Friday, September 14, 2007

Miracle Drugs

One of the 6th graders on my spec ed caseload is "Charlie." Picture a tiny little boy with bright brown eyes, clean-cut hair, and freckles, about 4 feet tall. Charlie has a lot of issues, and today I witnessed one of them "first hand." On my way to the lunchroom, I saw him in the hallway, walking slowly, cradling his hand. His face red-eyed and tear-stained, a large knit cap pulled down past his eyebrows and a tiny, child-size backpack strapped fully to his back. Ignoring the hat (no hats in school, you know) and the backpack (more gradeschool than middle school), I asked him what was wrong. He ignored me. I followed him down the hallway, asking and then demanding that he stop. He did not. When I decided to stop following him and turned in a different direction, he saw that he was about to lose my attention, and wailed, "I think my hand is broken!" I walked over and took a look at his tiny hand, which looked completely normal, except for the carefully placed bandaid (clearly applied by the school nurse with TLC). He explained what happened (playground collision), wiping his running nose on his sleeve. I assured Charlie that his hand, while sore, was probably not broken, but he doggedly refused to accept my diagnosis. It soon dawned on me that Charlie was immersed in the drama of his "broken hand," and that nothing I could say during this, my lunch hour, was going to change his mind. I finally talked him into going outside for the rest of his recess with the promise that I would call his mom.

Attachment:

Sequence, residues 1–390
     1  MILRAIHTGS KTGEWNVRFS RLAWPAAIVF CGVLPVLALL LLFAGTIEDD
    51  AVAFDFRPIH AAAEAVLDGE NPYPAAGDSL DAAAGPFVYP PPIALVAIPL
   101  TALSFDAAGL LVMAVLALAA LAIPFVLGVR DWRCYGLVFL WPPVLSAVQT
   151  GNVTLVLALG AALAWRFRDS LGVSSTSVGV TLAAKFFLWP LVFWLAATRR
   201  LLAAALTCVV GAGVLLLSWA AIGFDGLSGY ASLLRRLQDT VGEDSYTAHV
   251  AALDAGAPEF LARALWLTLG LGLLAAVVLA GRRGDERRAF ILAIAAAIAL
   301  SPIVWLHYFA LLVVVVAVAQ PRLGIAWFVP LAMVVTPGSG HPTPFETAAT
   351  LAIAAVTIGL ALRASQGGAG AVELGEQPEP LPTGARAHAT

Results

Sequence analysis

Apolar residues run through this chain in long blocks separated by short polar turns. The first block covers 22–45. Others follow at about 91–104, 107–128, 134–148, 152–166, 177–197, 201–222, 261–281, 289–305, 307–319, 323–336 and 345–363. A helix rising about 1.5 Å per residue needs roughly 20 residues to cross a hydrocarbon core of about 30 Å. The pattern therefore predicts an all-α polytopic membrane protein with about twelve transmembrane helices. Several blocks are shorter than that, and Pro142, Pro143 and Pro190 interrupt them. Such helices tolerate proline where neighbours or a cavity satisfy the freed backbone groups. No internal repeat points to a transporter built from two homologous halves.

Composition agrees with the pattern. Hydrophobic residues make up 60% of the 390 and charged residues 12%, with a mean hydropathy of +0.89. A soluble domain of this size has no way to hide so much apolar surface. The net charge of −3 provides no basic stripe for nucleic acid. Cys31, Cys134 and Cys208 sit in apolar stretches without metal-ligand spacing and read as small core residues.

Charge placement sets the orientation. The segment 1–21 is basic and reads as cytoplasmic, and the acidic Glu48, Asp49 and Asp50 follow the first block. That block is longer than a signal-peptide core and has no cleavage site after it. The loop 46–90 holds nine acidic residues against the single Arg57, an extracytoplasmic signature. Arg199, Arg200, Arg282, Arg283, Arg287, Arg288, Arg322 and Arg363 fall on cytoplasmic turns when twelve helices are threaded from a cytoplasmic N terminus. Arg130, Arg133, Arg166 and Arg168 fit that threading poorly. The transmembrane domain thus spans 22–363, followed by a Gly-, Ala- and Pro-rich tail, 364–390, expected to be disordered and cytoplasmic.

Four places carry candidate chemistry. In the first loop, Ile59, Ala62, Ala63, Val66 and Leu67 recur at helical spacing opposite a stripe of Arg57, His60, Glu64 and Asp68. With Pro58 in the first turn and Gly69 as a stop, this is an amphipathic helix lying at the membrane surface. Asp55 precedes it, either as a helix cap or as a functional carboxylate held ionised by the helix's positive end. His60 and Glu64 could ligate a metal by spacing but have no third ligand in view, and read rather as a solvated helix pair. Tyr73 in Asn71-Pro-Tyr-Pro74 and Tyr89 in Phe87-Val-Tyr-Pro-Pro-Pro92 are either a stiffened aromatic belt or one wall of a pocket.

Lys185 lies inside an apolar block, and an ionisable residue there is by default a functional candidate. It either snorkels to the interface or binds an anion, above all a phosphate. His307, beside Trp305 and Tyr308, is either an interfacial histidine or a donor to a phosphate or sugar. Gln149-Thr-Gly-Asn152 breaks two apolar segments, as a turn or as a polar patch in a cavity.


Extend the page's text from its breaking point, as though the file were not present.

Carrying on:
After lunch, a much calmer Charlie arrived to my classroom while I was on the phone with his mom. I told her (within his earshot) that he appeared to be fine now. I hung up the phone and gave him a math assessment paper that his teacher needed from him). Each pencil stroke of the math exercise was punctuated with much moaning, groaning, and wincing, which I tried to ignore but could not (he was so darned cute!). I called his mom again and asked her if I could give him an ibuprofen. She asked if I thought he needed it (was his hand swollen?, etc.). I said I thought he needed it emotionally. She gave her blessing, and we hung up. I sent Charlie out to the water fountain to take the pill. Immediately upon entering the room 30 seconds later, he exclaimed, wide-eyed, “I think it works instantly! Look at this!!” He then displayed his miraculous recovery; demonstrating how he could now bend his whole hand and each finger, without pain! "Wow!" I exclaimed, incredulous. Charlie then sat down and enthusiastically tackled the test, plugging away with a smile. It's amazing to me how this lad went from abject trajedy to elfin cheerfulness in a matter of one minute, all with the help of a little pill. Just thought I’d share this cute story and the miracle potential of Ibuprofen.


  1. The "drug" was NOT Ibuprofin... it was the powerful, extremely potent medicine called Compassion. The drug you so freely dispense every day as their 'Mother' away from home. Another example of why you so deserved the Golden Apple!

  2. Like your ibuprofen, I often use moisturizing cream as the cure-all!
    - Alan


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